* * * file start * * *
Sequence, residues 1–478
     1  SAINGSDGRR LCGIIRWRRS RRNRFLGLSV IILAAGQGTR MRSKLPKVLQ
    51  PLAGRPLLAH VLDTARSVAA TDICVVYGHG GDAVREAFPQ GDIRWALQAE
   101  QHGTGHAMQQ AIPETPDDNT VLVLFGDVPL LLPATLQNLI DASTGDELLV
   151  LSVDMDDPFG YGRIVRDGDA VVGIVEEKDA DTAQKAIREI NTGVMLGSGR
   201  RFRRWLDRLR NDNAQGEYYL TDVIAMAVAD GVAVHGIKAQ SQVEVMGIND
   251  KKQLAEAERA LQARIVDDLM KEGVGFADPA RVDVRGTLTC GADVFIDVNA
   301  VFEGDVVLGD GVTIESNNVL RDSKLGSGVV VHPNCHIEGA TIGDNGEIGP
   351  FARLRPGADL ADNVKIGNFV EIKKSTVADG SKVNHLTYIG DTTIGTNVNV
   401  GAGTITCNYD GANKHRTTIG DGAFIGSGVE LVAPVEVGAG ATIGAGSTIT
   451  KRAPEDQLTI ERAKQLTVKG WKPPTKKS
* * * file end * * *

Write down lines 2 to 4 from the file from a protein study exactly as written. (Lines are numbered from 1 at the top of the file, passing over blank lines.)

     1  SAINGSDGRR LCGIIRWRRS RRNRFLGLSV IILAAGQGTR MRSKLPKVLQ
    51  PLAGRPLLAH VLDTARSVAA TDICVVYGHG GDAVREAFPQ GDIRWALQAE
   101  QHGTGHAMQQ AIPETPDDNT VLVLFGDVPL LLPATLQNLI DASTGDELLV